Last month I had the honor of attending the Teaching Institute in Museum Education (TIME) at the School of the Art Institute of Chicago. I’ll get the TIME in a moment, but first, let’s talk about Chicago. The last time I visited Chicago (over ten years ago), I was an undergrad art student traveling north from the University of Montevallo in Montevallo, Alabama. The bus ride was approximately 14 hours; fortunately, art students are cool (almost always). After that much time and commitment, I was anticipating a pretty grand experience. I hadn’t been to New York City at that point, so Chicago didn’t even have to do that much to impress me. It didn’t. OK, the museums were good. No—they were great. A few days in the Art Institute, another day or two at the Museum of Contemporary Art Chicago, and ample hours of strolling through a city absolutely filled with public art (it’s like walking through a public art textbook from 1967), I came to appreciate the museum scene. But the rest of Chicago. . . it just felt disparate and sleepy.
Fast forward to 2012, and I’m back in Chicago. This time, it’s for TIME. I was selected along with 19 museum education colleagues from art museums across the U.S. and Canada. I was eager to spend a full 5 days with Rika Burnham (Frick Collection) and Elliott Kai-Kee (J. Paul Getty Museum), both of whom have developed quite a following after several published articles, conference sessions, and now an excellent book entitled Teaching in the Art Museum: Interpretation as Experience. The week’s agenda mirrored the book in many ways, with morning sessions led by Rika in the galleries and afternoon discussion sessions with Elliott on various topics and readings, including addressing our collective history as a field and the current challenges affecting museum education. The gallery sessions proved incredibly inspiring, as each day Rika led a ninety-minute session in front of one artwork. Just to spend that much time with one artwork is luxurious, but to also engage in active, group learning among such a varied and intellectual group . . . well, it hardly seemed like work. It was in the afternoons that we really deconstructed the experience and delved into the complex notion of INTERPRETATION. That’s where a lot of questions and contemplation came into the picture. Along the way, we also experimented with a refreshing approach to “gallery activities” that did not involve talking or any language at all.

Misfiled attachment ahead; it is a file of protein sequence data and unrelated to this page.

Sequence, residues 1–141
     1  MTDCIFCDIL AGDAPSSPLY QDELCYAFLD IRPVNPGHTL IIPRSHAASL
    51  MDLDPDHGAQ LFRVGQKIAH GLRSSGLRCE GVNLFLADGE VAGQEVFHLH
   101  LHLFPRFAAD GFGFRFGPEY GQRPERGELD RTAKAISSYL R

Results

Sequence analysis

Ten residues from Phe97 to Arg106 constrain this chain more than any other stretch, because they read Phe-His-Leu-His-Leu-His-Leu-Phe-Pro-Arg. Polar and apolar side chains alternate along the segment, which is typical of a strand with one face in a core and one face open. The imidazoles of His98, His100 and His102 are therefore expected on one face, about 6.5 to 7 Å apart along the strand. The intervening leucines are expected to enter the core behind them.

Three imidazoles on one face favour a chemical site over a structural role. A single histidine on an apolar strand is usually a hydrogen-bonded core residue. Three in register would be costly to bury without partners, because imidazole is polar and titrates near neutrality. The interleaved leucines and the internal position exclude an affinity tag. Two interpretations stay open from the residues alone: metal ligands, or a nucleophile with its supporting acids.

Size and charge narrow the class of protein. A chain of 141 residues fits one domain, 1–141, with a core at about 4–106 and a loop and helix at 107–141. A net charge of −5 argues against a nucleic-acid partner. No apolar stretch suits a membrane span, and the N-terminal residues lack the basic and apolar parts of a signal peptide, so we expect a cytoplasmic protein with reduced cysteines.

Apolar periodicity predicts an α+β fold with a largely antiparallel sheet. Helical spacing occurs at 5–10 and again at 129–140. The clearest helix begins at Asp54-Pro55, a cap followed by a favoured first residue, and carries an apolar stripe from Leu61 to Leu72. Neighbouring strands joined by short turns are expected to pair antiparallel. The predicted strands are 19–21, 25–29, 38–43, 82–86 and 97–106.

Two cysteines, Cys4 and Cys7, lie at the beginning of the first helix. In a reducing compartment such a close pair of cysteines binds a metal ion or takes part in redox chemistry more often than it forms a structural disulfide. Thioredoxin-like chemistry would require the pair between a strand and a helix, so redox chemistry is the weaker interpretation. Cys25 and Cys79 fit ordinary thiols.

I appreciate all sorts of risk-taking when it comes to philosophy and teaching practice, and I felt lucky to be with a group that took risks together, including our esteemed leaders, Rika and Elliott. By the end of the week, I came away with a few good answers and many new questions. And frankly—that’s just the way I like it. As a final assignment in synthesizing our own experience at TIME, we were asked to flesh out a personal gallery teaching statement. I came up with a list of guiding concepts:
- Encounter the art and follow its own power;
- Level the playing field (remove the hierarchy): bring together individual motivations, desires, interests, and resources;
- Process the experience: converse, discuss, dialogue;
- Synthesize the meaning
And finally, an equation: ART + VISITOR versus ART + VISITOR + EDUCATOR. Let’s make this mean something and mean something good. Where do visitors and educators “meet” when they stand before a work of art? How can we use the natural interactions between artworks and visitors to access a deeper connection between the two (ART + VISITOR) with our addition of a third (EDUCATOR)?
Oh, and Chicago? It proved incredibly inspiring as well. Along with the additions made to the downtown area in the last ten years (Millennium Park and the like), I also ventured outside downtown (Perhaps the “L” has been extended in the last ten years too?) and found several cool neighborhoods worth visiting. It was almost like neighborhoods in New York City, with the diversity of a Williamsburg vs. an East Village vs. a Park Slope, etc.
You know—that’s not even fair. Chicago has its own thing going, and it’s definitely worth visiting, whether or not you’ve ever been to New York.